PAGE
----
"Your money will grow, over time, at a greater rate than anything the current system can deliver -- and your account will provide money for retirement over and above the check you will receive from Social Security. In addition, you'll be able to pass along the money that accumulates in your personal account, if you wish, to your children and -- or grandchildren. And best of all, the money in the account is yours, and the government can never take it away."

That last sentence is an outright lie, according to information provided by the president's own advisors. Indeed, to the extent that "senior administration officials" were willing yesterday to disclose the important footnotes their boss won't mention, those personal accounts sound much less attractive -- and not quite so "personal," either.

Without explaining exactly what he plans, Bush briefly alluded to the sharp restrictions on the privatized accounts -- which are designed to prevent the frauds that have plagued privatization schemes in other countries.

"You" will only be permitted a few selected funds for investment, in accounts administered by a government agency and run by private contractors. (Imagine the tsunami of campaign contributions from Wall Street bidders for those deals.) "You" may or may not earn enough, depending on economic conditions, to make up any benefit cuts imposed on the system by Bush. At retirement, "you" will be required by law to turn over the proceeds from those accounts to approved vendors of annuity accounts (priming still more Wall Street and insurance industry political contributions). "You" will not be able to will that annuity to your heirs, even if you happen to die long before you have used up its proceeds.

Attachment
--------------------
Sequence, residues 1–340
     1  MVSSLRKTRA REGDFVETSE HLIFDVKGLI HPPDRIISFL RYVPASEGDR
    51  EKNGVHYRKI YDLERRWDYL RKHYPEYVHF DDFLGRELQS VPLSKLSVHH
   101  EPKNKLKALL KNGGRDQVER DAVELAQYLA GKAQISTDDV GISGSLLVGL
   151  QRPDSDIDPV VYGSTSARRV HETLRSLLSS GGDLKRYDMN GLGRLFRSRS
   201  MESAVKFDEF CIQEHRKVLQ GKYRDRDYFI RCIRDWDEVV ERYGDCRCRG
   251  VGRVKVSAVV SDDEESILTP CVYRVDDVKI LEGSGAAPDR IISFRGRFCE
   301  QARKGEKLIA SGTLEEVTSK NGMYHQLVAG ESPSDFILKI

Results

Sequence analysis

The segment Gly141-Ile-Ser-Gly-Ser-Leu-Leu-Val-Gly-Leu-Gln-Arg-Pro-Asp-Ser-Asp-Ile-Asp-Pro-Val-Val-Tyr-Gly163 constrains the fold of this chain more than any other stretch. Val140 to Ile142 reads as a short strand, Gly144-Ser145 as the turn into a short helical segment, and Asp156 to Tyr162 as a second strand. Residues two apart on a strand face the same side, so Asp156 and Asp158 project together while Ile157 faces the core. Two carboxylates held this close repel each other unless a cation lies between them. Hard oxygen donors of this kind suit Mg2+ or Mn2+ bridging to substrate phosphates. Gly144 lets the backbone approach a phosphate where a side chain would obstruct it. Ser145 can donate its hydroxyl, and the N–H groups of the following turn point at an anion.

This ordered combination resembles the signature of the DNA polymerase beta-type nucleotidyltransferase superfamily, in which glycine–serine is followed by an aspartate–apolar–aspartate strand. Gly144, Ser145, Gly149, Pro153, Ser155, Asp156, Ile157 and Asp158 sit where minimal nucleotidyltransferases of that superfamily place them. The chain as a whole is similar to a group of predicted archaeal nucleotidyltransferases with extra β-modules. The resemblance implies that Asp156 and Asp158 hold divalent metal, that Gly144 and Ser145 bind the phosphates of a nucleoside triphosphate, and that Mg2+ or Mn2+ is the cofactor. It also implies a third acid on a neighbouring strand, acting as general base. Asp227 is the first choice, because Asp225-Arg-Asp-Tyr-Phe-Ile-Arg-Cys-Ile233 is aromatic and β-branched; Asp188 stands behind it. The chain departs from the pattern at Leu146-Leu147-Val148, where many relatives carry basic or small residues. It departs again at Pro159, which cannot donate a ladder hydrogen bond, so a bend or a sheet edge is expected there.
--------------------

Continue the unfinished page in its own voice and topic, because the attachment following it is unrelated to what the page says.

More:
And there's one more important caveat that flatly contradicts the president's sunny promises.

According to an unnamed senior presidential advisor who briefed reporters yesterday, "you" will have to surrender to the government any earnings in "your" personal account up to 3 percent, adjusted for inflation -- which happens to be the projected growth of earnings under the existing system.

To be more precise, "you" wouldn't have to surrender those earnings on retirement, because the government would already have control of "your" personal account. The government would simply seize that sum from your account -- and pay whatever fees are due to the private fund administrator -- before turning the remainder over to "you" and your family.

That might not amount to very much, particularly after "you" buy that mandatory annuity. Estimates by the Social Security Administration and the Congressional Budget Office place the inflation-adjusted gains -- after paying off that initial government fine -- somewhere between 0.3 percent and 1.3 percent.

Don't forget to subtract the possible 40 percent cut in benefits that the Republicans mean to inflict on those of us under 55 years old, plus the debt service on the money borrowed to pay for the transition costs. If this plan is ever approved, "you," and I, and most Americans will be big losers.

Perhaps that is why the president prefers bloviating rhetoric and uplifting spectacle to all those disturbing details. He knows from experience that the truth won't sell the product.

Joe Conason

Joe Conason is the editor in chief of To find out more about Joe Conason, visit the Creators Syndicate website at

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Social Security State Of The Union